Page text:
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Friday, February 21, 2014

Cats and Dogs Can See into the Ultraviolet Spectrum

File:Amber eye1.jpg
(Source: Wikimedia)

... according to this article from the Daily Mail.
To explore which animals possess the capability to see ultraviolet light, the researchers obtained eyes from a wide array of mammals that had died in zoos, vets, science labs or slaughterhouses. 
They measured how much light got through each animal’s eye to the retina. 
Scientists found that many of the animals, including cats, dogs, hedgehogs, ferrets and okapi, have lenses that let some ultraviolet light though, suggesting that they can see well in the dark.
Scientists already know that bees and other insects use their UV vision to see colours and patterns on plants, while rodents use it to follow trails of urine, but they are not sure what pets use it for.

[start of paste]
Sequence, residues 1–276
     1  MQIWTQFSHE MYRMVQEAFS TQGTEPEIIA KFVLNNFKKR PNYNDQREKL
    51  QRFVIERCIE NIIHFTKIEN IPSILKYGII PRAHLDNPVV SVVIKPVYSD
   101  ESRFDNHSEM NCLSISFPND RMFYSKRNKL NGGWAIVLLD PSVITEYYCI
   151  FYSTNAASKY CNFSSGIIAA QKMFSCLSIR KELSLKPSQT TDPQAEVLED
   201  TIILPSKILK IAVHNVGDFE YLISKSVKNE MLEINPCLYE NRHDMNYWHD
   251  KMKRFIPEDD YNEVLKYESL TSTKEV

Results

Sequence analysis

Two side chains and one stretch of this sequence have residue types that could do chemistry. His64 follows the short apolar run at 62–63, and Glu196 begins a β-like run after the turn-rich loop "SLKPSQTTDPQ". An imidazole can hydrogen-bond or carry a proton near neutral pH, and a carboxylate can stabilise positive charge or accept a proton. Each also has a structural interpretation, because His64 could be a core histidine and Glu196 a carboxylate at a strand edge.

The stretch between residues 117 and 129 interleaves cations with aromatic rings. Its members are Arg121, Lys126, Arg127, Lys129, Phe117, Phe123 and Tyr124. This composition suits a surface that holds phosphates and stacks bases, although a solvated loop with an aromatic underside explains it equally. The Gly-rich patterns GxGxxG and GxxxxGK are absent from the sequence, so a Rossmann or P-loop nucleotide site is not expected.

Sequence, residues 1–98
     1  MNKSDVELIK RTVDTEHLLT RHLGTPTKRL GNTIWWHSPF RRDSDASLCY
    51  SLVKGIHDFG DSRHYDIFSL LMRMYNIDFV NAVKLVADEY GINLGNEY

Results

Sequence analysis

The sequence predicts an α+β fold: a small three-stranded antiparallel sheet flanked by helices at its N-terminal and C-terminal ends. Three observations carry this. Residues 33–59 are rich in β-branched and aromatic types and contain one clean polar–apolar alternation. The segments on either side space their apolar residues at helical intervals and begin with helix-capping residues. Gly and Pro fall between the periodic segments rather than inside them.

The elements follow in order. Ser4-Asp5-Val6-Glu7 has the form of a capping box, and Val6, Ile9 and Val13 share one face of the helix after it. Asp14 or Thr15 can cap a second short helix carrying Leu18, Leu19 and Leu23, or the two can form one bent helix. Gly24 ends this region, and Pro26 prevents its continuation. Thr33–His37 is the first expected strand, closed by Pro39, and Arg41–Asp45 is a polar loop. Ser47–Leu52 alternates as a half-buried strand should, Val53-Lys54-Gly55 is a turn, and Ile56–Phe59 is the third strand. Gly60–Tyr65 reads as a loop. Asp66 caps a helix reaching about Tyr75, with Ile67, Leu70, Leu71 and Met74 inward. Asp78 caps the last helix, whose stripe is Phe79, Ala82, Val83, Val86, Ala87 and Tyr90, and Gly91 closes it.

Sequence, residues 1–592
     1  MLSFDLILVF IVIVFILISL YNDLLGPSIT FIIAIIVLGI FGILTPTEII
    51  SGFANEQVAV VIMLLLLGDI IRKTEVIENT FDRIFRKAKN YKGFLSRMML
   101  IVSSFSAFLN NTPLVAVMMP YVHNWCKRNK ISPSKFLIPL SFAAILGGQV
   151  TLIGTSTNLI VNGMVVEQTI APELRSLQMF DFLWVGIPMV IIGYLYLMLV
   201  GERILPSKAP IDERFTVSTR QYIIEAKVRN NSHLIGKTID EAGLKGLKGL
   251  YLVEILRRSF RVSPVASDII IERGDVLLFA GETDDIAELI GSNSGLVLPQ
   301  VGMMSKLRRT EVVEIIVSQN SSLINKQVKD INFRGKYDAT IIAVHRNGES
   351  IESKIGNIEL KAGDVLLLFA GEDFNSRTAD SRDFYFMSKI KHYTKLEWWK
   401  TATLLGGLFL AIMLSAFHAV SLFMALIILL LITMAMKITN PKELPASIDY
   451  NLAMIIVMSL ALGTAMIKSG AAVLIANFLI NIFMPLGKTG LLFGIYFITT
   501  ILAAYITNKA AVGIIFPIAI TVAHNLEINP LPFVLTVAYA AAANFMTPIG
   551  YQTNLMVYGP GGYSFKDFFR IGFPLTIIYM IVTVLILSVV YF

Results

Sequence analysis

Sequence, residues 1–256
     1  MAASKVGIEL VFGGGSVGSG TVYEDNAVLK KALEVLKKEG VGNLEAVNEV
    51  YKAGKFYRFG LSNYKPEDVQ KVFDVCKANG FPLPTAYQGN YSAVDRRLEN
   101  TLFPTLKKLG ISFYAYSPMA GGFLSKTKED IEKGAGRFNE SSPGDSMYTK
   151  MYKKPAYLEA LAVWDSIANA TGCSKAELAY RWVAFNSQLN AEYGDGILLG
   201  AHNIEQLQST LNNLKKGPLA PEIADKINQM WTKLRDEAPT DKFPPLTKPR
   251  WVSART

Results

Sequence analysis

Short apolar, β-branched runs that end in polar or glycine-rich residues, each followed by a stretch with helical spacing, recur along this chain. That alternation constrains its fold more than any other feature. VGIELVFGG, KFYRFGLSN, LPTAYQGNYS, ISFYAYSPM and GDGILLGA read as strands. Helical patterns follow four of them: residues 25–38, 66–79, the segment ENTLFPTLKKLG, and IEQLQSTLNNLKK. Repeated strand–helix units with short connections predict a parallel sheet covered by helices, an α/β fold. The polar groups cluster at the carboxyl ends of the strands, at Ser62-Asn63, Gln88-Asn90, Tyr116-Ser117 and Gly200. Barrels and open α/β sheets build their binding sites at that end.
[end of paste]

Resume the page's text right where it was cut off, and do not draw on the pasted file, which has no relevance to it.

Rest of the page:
‘The question is only being asked because humans can't see it,’ Dr Douglas said.

... Other scientists think that the UV filter in the human eye means that we can see more accurately than without it. They found that animals that also block this part of the spectrum have the highest resolution vision. 
Humans can see in such detail because we have dense colour-sensitive cells (cones) in the retina that create detailed images in low levels of light, but nocturnal creatures have eyes that let in as much light a possible, including UV, but do not enjoy the same level of detail.

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